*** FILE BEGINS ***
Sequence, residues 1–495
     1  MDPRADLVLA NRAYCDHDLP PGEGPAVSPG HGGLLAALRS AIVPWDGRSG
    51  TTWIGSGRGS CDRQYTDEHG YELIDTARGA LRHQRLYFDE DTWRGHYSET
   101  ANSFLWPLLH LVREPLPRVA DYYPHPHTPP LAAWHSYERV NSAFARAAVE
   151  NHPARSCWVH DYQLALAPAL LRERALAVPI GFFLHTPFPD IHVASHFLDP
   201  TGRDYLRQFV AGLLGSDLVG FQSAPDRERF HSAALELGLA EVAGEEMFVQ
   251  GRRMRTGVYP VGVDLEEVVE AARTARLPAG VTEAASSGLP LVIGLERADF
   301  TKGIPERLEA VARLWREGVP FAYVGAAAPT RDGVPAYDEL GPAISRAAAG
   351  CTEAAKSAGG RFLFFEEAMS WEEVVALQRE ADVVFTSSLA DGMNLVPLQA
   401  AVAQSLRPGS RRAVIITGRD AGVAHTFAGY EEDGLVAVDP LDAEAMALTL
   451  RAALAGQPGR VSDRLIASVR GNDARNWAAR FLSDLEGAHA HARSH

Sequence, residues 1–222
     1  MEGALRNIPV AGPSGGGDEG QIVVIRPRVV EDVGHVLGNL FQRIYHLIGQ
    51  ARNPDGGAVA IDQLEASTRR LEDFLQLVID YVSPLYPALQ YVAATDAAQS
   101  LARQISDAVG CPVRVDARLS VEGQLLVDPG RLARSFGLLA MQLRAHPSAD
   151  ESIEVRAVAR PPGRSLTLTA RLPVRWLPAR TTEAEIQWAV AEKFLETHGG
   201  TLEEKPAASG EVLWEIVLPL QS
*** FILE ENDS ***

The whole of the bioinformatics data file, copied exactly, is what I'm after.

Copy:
Sequence, residues 1–495
     1  MDPRADLVLA NRAYCDHDLP PGEGPAVSPG HGGLLAALRS AIVPWDGRSG
    51  TTWIGSGRGS CDRQYTDEHG YELIDTARGA LRHQRLYFDE DTWRGHYSET
   101  ANSFLWPLLH LVREPLPRVA DYYPHPHTPP LAAWHSYERV NSAFARAAVE
   151  NHPARSCWVH DYQLALAPAL LRERALAVPI GFFLHTPFPD IHVASHFLDP
   201  TGRDYLRQFV AGLLGSDLVG FQSAPDRERF HSAALELGLA EVAGEEMFVQ
   251  GRRMRTGVYP VGVDLEEVVE AARTARLPAG VTEAASSGLP LVIGLERADF
   301  TKGIPERLEA VARLWREGVP FAYVGAAAPT RDGVPAYDEL GPAISRAAAG
   351  CTEAAKSAGG RFLFFEEAMS WEEVVALQRE ADVVFTSSLA DGMNLVPLQA
   401  AVAQSLRPGS RRAVIITGRD AGVAHTFAGY EEDGLVAVDP LDAEAMALTL
   451  RAALAGQPGR VSDRLIASVR GNDARNWAAR FLSDLEGAHA HARSH

Sequence, residues 1–222
     1  MEGALRNIPV AGPSGGGDEG QIVVIRPRVV EDVGHVLGNL FQRIYHLIGQ
    51  ARNPDGGAVA IDQLEASTRR LEDFLQLVID YVSPLYPALQ YVAATDAAQS
   101  LARQISDAVG CPVRVDARLS VEGQLLVDPG RLARSFGLLA MQLRAHPSAD
   151  ESIEVRAVAR PPGRSLTLTA RLPVRWLPAR TTEAEIQWAV AEKFLETHGG
   201  TLEEKPAASG EVLWEIVLPL QS